You may wish to register your interest with us to receive regular news and updates on postgraduate life within this Department and the wider University.

Making your application

Learn more about applying

When clicking on the Apply Now button you will be directed to an application specifically designed for the programme you wish to apply for where you will create an account with the University application system and submit your application and supporting documents online. Further information regarding how to apply online can be found on the How to apply pages

Apply now

The course is delivered through a range of teaching and learning methods, including lectures and seminars. You will also receive one-to-one supervision to support you in the development of your dissertation.

Support with academic writing

As a postgraduate student in the College of Arts and Law, you have access to the Academic Writing Advisory Service (AWAS) which aims to help your transition from undergraduate to taught Masters level, or back into academia after time away. The service offers guidance on writing assignments and dissertations for your MA/MSc programme with individual support from an academic writing advisor via tutorials, email and the provision of online materials.

International students can access support for English Language development and skills through the Birmingham International Academy (BIA).

Your degree will provide excellent preparation for employment and this will be further enhanced by a range of employability support services offered by the University.

The University's Careers Network provides advice and information specifically for postgraduates that will help you to develop an effective career and skills development strategy, and to make the most of your time with us at the University. The College of Arts and Law also has a dedicated careers and employability team to deliver tailored programmes of careers events and local support.

You will have opportunities to: meet employers face-to-face at on-campus recruitment fairs; attend employer presentations and skills workshops; receive individual guidance on your job applications, writing your CV and improving your interview technique; and access to comprehensive listings of hundreds of graduate jobs and work experience opportunities.

You will also be able to access our full range of careers support for up to two years after graduation.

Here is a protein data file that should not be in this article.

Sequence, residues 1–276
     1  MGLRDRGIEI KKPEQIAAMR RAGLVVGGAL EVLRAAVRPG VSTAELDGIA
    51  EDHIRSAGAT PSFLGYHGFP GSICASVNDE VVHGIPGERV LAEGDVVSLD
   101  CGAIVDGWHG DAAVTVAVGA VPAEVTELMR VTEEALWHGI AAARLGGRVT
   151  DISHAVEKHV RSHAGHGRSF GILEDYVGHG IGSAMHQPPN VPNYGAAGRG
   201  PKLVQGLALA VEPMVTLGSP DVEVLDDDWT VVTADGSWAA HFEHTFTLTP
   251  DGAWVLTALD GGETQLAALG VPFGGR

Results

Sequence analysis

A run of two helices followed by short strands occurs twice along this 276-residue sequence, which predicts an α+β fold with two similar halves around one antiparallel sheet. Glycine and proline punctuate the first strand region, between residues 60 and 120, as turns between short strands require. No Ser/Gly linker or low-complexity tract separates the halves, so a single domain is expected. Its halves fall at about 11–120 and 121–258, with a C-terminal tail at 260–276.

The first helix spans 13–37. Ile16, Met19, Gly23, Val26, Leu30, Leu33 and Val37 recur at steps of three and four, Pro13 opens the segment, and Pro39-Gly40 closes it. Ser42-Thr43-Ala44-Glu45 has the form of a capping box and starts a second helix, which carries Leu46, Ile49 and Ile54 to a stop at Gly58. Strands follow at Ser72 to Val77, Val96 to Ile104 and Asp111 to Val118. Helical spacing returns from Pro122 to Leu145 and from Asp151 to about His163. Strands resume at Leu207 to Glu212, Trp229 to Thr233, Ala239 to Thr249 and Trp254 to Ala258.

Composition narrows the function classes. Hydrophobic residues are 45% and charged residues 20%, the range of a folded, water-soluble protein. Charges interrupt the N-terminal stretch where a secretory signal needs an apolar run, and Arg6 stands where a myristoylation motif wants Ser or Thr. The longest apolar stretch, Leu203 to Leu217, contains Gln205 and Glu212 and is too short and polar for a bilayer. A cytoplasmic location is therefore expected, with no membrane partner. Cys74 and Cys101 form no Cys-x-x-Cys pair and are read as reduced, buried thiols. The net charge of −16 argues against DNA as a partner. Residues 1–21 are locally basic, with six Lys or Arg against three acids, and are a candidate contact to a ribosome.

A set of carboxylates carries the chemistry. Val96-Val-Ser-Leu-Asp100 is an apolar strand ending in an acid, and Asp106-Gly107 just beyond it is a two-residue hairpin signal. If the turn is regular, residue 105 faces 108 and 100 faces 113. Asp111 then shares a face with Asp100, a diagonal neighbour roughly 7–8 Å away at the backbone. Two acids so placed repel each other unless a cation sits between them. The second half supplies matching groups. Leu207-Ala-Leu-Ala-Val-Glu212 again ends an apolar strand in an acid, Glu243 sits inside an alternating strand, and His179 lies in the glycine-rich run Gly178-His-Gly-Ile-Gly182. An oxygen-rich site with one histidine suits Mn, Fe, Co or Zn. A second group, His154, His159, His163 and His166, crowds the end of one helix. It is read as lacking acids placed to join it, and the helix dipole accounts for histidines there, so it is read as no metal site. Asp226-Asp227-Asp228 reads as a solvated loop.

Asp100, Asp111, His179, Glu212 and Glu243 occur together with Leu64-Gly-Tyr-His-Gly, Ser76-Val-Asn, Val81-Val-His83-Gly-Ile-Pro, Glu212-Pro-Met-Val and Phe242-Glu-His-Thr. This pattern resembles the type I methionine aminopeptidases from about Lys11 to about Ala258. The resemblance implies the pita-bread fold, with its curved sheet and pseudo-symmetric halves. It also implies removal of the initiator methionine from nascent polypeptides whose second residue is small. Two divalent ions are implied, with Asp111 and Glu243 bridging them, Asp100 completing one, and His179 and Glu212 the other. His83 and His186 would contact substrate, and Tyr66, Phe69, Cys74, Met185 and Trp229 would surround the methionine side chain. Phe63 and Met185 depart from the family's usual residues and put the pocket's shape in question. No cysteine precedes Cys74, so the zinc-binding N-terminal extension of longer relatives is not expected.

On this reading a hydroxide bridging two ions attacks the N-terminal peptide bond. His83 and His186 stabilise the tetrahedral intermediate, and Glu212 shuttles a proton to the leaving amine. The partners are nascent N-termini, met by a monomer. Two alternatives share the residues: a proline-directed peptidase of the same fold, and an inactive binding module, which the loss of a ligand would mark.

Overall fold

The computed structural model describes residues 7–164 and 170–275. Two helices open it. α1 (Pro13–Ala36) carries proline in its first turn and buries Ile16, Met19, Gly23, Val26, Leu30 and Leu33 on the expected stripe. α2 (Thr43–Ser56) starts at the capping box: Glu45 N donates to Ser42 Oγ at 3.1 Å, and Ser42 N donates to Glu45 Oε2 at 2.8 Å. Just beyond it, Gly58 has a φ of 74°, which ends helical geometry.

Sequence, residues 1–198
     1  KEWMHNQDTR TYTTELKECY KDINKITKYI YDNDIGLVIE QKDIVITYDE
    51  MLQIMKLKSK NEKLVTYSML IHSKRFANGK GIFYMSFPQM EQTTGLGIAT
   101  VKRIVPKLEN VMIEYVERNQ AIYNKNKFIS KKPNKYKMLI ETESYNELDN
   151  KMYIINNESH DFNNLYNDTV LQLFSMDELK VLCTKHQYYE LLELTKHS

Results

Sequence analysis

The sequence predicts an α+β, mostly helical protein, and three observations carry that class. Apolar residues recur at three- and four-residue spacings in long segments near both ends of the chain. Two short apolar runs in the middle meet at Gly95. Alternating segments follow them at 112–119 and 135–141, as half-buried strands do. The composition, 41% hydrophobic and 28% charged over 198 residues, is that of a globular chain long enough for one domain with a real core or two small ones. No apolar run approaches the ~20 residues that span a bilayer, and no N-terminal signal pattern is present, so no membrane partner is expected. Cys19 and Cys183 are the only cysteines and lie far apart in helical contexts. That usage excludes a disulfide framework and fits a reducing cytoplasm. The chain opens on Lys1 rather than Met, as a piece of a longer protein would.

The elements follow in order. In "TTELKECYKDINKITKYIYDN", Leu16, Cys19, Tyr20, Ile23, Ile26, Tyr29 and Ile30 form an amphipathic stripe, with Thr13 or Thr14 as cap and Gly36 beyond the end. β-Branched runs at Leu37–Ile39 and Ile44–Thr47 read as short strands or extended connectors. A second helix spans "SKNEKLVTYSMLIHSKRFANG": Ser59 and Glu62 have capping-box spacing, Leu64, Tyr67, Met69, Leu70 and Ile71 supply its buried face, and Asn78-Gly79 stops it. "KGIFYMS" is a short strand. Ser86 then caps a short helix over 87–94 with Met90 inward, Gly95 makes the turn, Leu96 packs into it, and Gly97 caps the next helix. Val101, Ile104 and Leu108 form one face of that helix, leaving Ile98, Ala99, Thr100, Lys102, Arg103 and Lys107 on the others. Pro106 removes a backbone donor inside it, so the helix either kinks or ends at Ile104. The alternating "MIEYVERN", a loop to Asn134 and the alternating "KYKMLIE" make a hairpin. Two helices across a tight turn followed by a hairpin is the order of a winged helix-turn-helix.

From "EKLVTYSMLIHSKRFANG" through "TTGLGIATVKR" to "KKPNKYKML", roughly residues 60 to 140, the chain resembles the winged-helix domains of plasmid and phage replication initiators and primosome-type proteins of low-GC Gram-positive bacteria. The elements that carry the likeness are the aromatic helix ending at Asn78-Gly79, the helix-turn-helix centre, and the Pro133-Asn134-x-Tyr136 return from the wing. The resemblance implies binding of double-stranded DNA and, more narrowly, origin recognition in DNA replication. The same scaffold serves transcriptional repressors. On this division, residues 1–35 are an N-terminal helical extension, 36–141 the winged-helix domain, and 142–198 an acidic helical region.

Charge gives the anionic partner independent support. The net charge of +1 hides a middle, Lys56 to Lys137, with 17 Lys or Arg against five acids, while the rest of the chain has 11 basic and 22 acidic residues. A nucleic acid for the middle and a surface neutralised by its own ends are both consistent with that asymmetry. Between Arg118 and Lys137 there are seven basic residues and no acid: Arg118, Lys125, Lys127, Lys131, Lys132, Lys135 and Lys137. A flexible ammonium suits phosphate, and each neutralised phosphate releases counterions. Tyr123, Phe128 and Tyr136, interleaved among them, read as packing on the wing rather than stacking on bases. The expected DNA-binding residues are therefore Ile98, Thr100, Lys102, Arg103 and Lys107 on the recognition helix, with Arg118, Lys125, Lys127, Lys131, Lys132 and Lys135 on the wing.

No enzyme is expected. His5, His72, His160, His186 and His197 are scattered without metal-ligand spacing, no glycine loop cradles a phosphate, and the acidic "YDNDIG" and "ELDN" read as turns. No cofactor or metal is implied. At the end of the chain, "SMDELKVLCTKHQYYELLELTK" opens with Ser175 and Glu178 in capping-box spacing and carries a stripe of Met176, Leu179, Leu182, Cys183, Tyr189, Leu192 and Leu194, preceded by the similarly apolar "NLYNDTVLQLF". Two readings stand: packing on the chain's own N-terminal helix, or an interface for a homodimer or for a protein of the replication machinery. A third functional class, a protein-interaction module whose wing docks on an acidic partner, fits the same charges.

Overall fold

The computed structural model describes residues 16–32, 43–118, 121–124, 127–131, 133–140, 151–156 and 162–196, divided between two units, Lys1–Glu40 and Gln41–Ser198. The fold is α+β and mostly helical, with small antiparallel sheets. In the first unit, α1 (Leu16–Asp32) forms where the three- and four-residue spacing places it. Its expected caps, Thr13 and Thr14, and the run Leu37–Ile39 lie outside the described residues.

Postgraduate employability: Byzantine, Ottoman and Modern Greek Studies

Graduates with a postgraduate degree in Byzantine, Ottoman and Modern Greek Studies can boast a wide combination of skills that can be applied in many types of work and which employers regard very positively. Many graduates have gone on to pursue academic posts at institutions such as Dumbarton Oaks (Harvard University), University of Birmingham and University of Warwick.

Over the past five years, 91% of MA Antiquity postgraduates were in work and/or further study six months after graduation. 

Birmingham has been transformed into one of Europe's most exciting cities. It is more than somewhere to study; it is somewhere to build a successful future.

Get involved

The Guild of Students hosts over 250 student groups and societies to suit a wide range of interests. These include the Postgraduate and Mature Students Association which runs a regular and varied programme of events specifically tailored to postgraduate students.

In addition, you will find that each Department runs its own social activities, research fora and student groups.

Accommodation

We offer accommodation for postgraduates on or near to campus, although many of our students also choose to live privately in student accommodation, shared houses or flats. If you do choose to live in private accommodation, the University has dedicated support services to help you to find properties from accredited landlords.

The City of Birmingham

One of Europe's most exciting destinations, Birmingham is brimming with life and cultures, making it a wonderful place to live, study and work. Our students fall in love with the city - around 40% of our graduates choose to make Birmingham their home.